Saturday, January 21, 2012

Eggs are Healthy Food

Eggs are Healthy Food      1/7/12

We bought nine young hens and a rooster from a local farmer a few days ago.  We let them out of the coop today, after two days inside to make sure they knew it was home.  We enjoyed watching them run around the yard, scratching in the dirt, eating weeds and bugs.  We found the first egg in one of the nest boxes, and I had it for breakfast, along with a store-bought egg.  The yolk of our egg was a much deeper red than the other, and really delicious.  From now on, we’ll have an unlimited free supply of organic free-range eggs, and can really “live off the fat of the land”.

Of course, the nutrient content of organic free range eggs is far superior to conventional eggs.  But even supermarket eggs are a good source of the amino acids tyrosine and tryptophan, needed by the heart and brain, as well as lutein and zeaxanthin, which are yellow-pigmented carotenoids very beneficial to the eyes. Cooking reduces these antioxidants by about half. 

Eggs are one of the most important foods to spend a little extra on and always buy organic.  Free range eggs contain more vitamin A, omega-3 fatty acids, vitamin E, and beta carotene, because the chickens are out there, like my chickens, eating highly nutritious weeds and insects.  One of the weeds chickens love is purslane, which increases the omega-3 content of their egg yolks. (Avoid eggs labeled as “omega-3 eggs”, as they come from chickens fed poor-quality sources of omega-3 fats that are already oxidized.)

Yolks are also loaded with bioflavonoids, brain fats like phosphatidyl choline, and sulfur, and can be eaten raw or added to breakfast shakes.  The best way to cook eggs is to soft boil or poach them, leaving the yolks mostly raw.  The worst way is scrambling, as it allows the cholesterol in the yolk to oxidize, which is what makes it harmful.  Conventionally-raised eggs should never be eaten raw, as they are likely to be contaminated with salmonella, not to mention pesticide residues.

The idea that eggs are unhealthy and promote heart disease is a complete myth. It's true that egg yolks contain cholesterol, but this is not really a bad thing. The cholesterol in egg yolks has little relationship to blood cholesterol levels.  Research published in the International Journal of Cardiology showed that even eating eggs every day did not raise cholesterol levels. In most people there is a feedback mechanism that decreases the body’s production of cholesterol when more is consumed.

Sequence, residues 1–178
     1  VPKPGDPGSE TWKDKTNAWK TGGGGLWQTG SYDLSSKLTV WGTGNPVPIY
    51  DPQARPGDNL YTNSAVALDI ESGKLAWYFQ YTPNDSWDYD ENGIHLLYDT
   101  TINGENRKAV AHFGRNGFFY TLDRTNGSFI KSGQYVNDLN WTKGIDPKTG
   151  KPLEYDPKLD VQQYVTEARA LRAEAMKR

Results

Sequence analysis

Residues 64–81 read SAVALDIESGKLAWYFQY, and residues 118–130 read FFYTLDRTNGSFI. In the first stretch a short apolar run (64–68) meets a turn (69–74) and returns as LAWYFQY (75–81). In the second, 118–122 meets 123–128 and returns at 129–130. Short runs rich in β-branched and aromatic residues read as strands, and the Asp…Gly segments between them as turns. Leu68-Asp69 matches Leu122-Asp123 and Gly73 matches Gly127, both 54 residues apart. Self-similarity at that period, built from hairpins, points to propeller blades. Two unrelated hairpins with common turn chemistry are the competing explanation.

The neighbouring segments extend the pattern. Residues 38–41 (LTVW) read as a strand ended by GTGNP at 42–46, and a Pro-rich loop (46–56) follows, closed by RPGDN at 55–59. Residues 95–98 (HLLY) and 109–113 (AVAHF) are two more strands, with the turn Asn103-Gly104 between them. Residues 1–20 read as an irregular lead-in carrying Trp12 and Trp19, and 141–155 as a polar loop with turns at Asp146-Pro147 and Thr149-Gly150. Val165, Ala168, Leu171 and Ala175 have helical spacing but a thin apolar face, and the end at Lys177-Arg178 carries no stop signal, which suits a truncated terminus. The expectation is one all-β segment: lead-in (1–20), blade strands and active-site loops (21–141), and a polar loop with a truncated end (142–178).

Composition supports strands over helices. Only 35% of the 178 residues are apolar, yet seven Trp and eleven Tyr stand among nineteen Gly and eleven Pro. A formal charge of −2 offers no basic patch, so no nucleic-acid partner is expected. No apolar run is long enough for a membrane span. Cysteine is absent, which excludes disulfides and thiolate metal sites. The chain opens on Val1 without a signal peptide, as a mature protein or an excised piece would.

Cholesterol has important functions in the body, such as controlling the fluidity of cell membranes.  It is also the starting material for making vitamin D (cholecalciferol), the adrenal hormones aldosterone (which controls salt balance) and cortisone, for stress adaptation, as well as the male and female sex hormones.  Cholesterol can function as an antioxidant when there is an insufficient quantity of other antioxidants like vitamins C, E, B3, and carotenes and the minerals zinc, sulfur and selenium supplied by the diet.  Getting enough of these antioxidants, especially C and B3 (niacin) can lower a high cholesterol level.  The fact that niacin lowers cholesterol was discovered decades ago by Dr Abram Hoffer, who also pioneered the orthomolecular treatment of schizophrenia with niacin.

Cholesterol deposition in arteries is a repair mechanism for artery walls damaged by free radicals, due to lack of antioxidants, especially vitamin C, according to Linus Pauling and Dr Matthias Rath.  Vitamin C is needed to produce collagen and mucopolysaccharides, the “glue”  that holds cells together. Without it, arteries weaken and bleed into tissue spaces (scurvy). Cholesterol is deposited to prevent this.

Many people actually have cholesterol levels that are too low, either naturally or due to cholesterol-lowering drugs, which may cause depression.

Even vegetarians who are opposed to killing animals can eat eggs in good conscience.  As long as they are not “fertile eggs”, (for which you pay extra), there is no living embryo in the egg. The yolk and white are only a food supply for a potential chick, which will never develop without a rooster to fertilize the egg.  But hens continue to lay eggs anyway.

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